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It's a theory only question.

An host on 192.168.0.0/16 can comunicate with an host on the subnet 192.168.1.0/24 ?

And viceversa?

If no, why?

NOTE: I already CAN calculate host, subnet, network id, host id, etc...

My question is different: I need to know if an host of a subnet can dialogue with a host that is sub-subnetted

Context

Hosts with a common segment in Net ID, but not identical.

This is scenario when an actual /16 net is being subnetted in /24, but the work is done 'some PCs at a time' and not the whole network is already subnetted as /24

Example 1

Host A: 192.168.1.200/16

  • Netmask: 255.255.0.0
  • Net ID: 192.168.0.0/16
  • Host ID: 1.200
  • Network range: 192.168.0.0 ... 192.168.255.255

Host B: 192.168.1.1/24

  • Netmask: 255.255.255.0
  • Net ID: 192.168.1.0/24
  • Host ID: 1
  • Network range: 192.168.1.0 ... 192.168.1.255

Can A send packets to B ? Can B send packets to A ?

Example 2 (from the accepted answer)

Host C: 192.168.0.200/16

  • Netmask: 255.255.0.0
  • Net ID: 192.168.0.0/16
  • Host ID: 0.200
  • Network range: 192.168.0.0 ... 192.168.255.255

Host D: 192.168.1.1/24

  • Netmask: 255.255.255.0
  • Net ID: 192.168.1.0/24
  • Host ID: 1
  • Network range: 192.168.1.0 ... 192.168.1.255

Can C send packets to D ? Can D send packets to A ?

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  • Does this answer your question? How do you calculate the prefix, network, subnet, and host numbers?
    – Zac67
    Aug 20 at 10:08
  • 192.168.1.0/24 is a subnet of 192.168.0.0/16 so your question doesn't make too much sense...
    – Zac67
    Aug 20 at 10:09
  • 1
    Hosts can communicate directly when they share a common subnet, from their mutual perspective. E.g. 192.168.1.200/16 and 192.168.1.1/24 could communicate directly. Hosts on different subnets - even from only a single perspective - require a gateway in between.
    – Zac67
    Aug 20 at 10:32
  • 1
    Routers route packets between networks. Ihat is the entire reason routers were created, and they are necessary to forward packets between networks.
    – Ron Maupin
    Aug 20 at 11:38
  • 1
    Switches are bridges that forward layer-2 frames on the same network, but routers route layer-3 packrats between different networks.
    – Ron Maupin
    Aug 20 at 12:13
1

[from comment] Hosts can communicate directly when they share a common subnet, from their mutual perspective. Hosts on different subnets - even from only a single perspective - require a gateway in between.

E.g. 192.168.1.200/16 and 192.168.1.1/24 could communicate directly. From 192.168.1.200's perspective, 192.168.1.1 is located within 192.168.0.0/16. From 192.168.1.1's perspective, 192.168.1.200 is part of 192.168.1.0/24. Both hosts will attempt resolving the respective destination IP by ARP and send packets directly.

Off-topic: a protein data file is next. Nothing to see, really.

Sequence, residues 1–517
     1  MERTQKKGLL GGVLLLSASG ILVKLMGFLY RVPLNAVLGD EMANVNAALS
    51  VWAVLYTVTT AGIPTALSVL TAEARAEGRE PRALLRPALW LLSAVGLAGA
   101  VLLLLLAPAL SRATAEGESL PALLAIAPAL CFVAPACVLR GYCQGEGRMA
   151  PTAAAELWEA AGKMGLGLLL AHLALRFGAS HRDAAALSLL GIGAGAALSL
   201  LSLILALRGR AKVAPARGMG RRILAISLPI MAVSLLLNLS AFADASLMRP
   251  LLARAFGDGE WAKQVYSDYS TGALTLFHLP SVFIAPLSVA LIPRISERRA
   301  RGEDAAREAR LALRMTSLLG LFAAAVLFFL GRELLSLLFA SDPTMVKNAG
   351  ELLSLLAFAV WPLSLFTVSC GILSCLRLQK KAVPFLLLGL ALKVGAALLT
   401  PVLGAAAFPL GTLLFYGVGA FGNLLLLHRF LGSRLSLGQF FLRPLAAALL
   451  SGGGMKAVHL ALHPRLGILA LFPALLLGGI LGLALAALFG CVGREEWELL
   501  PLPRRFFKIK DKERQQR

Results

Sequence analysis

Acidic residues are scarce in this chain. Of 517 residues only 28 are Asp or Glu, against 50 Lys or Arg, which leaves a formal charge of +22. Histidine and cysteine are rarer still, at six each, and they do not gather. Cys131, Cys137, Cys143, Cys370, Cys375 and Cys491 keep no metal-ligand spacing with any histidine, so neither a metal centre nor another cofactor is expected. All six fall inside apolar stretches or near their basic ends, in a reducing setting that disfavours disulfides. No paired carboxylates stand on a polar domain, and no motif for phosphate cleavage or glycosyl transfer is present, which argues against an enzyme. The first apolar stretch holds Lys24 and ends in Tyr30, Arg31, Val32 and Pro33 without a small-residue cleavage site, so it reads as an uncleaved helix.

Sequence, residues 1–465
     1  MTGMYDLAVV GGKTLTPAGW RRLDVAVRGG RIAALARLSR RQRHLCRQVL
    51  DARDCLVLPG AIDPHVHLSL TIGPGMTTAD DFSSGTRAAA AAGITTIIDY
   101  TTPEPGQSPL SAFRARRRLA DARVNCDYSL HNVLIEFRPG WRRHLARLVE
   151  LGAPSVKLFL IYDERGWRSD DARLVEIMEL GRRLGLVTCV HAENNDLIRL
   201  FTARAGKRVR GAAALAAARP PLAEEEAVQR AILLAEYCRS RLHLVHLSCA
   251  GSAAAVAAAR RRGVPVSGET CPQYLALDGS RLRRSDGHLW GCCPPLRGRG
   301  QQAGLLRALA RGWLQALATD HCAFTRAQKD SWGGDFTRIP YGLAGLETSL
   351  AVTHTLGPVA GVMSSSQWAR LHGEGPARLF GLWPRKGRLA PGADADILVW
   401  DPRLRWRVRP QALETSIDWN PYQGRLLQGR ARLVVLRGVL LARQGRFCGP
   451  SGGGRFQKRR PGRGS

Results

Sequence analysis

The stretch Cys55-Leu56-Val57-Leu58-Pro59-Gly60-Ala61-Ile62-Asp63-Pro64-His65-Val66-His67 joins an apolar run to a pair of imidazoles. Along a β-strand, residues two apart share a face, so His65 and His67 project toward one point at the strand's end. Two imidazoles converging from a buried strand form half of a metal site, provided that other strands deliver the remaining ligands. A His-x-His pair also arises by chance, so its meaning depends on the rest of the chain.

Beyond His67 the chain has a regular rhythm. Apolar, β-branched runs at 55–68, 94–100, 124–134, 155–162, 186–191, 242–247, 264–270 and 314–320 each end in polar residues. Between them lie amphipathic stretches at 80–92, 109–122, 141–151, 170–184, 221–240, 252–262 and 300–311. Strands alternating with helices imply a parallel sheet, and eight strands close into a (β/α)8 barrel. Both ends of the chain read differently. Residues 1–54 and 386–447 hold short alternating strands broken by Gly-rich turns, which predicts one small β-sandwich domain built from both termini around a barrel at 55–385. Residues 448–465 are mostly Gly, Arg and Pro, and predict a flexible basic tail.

However, 192.168.0.200/16 would still send to 192.168.1.1 directly,

192.168.0.200 & 255.255.0.0 = 192.168.0.0 = source prefix
192.168.1.1   & 255.255.0.0 = 192.168.0.0 = matches source prefix => destination is local 

but 192.168.1.1/24 would not regard 192.168.0.200 as directly connected and consequently sends packets to its (default) gateway.

192.168.1.1   & 255.255.255.0 = 192.168.1.0 = source prefix
192.168.0.200 & 255.255.255.0 = 192.168.0.0 = mismatches source prefix => destination is not local 

When enlarging an already existing subnet, you should take care to adjust the network masks first and then begin to use addresses from the grown scope. When shrinking an existing subnet, you need to migrate all addresses to the target subnet first and then change the network mask/prefix length.

Note that the term subnet originated from long obsolete classful networking and was carried over to more modern CIDR networks. Presently, it means the same as directly connected IP network, sharing a common prefix.

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  • 1
    The segment may be a single one, but there are two subnets...
    – Zac67
    Aug 20 at 13:12
  • So Sending from A to B will be masked against sender's netmask, right?
    – realtebo
    Aug 20 at 13:19
  • 1
    Yes, a sender always uses its netmask - it doesn't know (or care about) the destination's netmask.
    – Zac67
    Aug 20 at 13:25
  • I added network ranges to my question, so the simplest form of answer is "D is in the network range of C but C is not in the network range of D'. Could be as easy?
    – realtebo
    Aug 20 at 13:27
  • Yes, that is quite possible when prefix lengths don't match.
    – Zac67
    Aug 20 at 13:49

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